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Compassionate Presence

Compassionate Presence

The Trinitarian Spirituality of Adrienne von Speyr

By Matthew Lewis Sutton

228 pp

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About the Book

In the ancient Christian Apostles' Creed, we speak the fourth line that Jesus Christ "suffered under Pontius Pilate, was crucified, died, and was buried; he went down to the dead (ad inferno-to hell)." This mysterious line of Christ's descent to hell generated a deep mystical spirituality in Adrienne von Speyr (d. 1967), a Swiss laywoman, physician, wife, mother, and spiritual writer. Her extensive, speculative mysticism influenced the critical work of the Catholic theologian, Hans Urs von Balthasar, who had a profound influence on Catholic theology in the late twentieth-century, and even today. In this book, Matthew Lewis Sutton offers a profound encounter with Adrienne's mystical encounter with the inner life and intense love of the Trinity. This mystical spirituality of Holy Saturday-the day between Good Friday and Easter Sunday-guides us away from our age of loneliness, isolation, and alienation toward a new restoration of compassion, love, and reconciliation. The ancient Christian doctrine of Christ descended to hell can be a rediscovery of the extreme compassion of God to rescue us back to his compassionate presence.


“Our postmodern world suffers from an excruciating loneliness that can only be overcome by God’s compassionate presence, which reaches even into hell. In his penetrating and timely study, Matthew Sutton carefully constructs a biblical and trinitarian framework for appreciating the profound theological contribution of Adrienne von Speyr, one of the most important and yet overlooked Christian mystics of our age.”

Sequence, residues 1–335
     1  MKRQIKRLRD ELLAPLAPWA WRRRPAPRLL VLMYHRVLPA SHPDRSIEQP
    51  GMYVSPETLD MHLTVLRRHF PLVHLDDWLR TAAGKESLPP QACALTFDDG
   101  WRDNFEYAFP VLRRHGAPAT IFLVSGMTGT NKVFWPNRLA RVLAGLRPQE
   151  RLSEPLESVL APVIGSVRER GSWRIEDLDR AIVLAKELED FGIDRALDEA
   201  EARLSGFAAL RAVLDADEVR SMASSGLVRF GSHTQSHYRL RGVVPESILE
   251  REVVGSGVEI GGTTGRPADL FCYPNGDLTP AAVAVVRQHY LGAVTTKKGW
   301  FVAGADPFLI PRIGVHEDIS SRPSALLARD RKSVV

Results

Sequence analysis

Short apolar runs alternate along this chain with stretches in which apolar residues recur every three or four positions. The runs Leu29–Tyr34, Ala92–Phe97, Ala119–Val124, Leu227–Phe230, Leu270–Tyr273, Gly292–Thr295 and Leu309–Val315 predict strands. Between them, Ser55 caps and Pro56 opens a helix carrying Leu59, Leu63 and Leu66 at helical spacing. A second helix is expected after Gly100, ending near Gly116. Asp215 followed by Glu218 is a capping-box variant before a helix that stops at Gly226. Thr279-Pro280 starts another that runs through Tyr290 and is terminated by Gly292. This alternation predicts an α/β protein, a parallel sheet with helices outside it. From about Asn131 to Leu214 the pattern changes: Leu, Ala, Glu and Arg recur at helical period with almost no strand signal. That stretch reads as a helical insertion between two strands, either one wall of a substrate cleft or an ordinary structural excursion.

— BISHOP JAMES MASSA, auxiliary bishop of the Diocese of Brooklyn; rector of St. Joseph’s Seminary, Yonkers, NY

“There will always be debates among theological schools, and this marvelously erudite book doesn’t hesitate to wade into them. But the book’s greatest contribution lies elsewhere. Matthew Sutton has achieved a work of Christian doctrine that is also (as theology should be) a theo-dramatic and scriptural spirituality. He invites the postmodern reader, isolated, lonely, and caught up in political strife, to turn to the Trinity for succor. This book breathes with a rare and inspiring spiritual power!”

 — MATTHEW LEVERING, James N. Jr. and Mary D. Perry Chair of Theology, Mundelein Seminary

“Matthew Sutton sheds a surprisingly bright light on the dark cultural moment of our western civilization. Postmodernism, with its desperate attempt to celebrate subjectivism and loneliness, might be a better soil for Christianity than was the arrogant modernist faith in ‘reason alone.’ This paradoxical light comes from the darkest and most mysterious event of Redemption: the descent of Jesus into the loneliness of hell. Against temptations of puritan retreat and calls to cultural warfare, Sutton draws from the Church’s treasure to issue a call for mission and compassion. A compelling and urgent book.”

 — FR. PAUL ANEL, Diocese of Brooklyn

About the Author

MATTHEW LEWIS SUTTON (Ph.D., Marquette University) is associate professor of systematic theology at St. John’s University in Queens, New York. He is the author ofHeaven Opens: The Trinitarian Mysticism of Adrienne von Speyr(Fortress, 2014).

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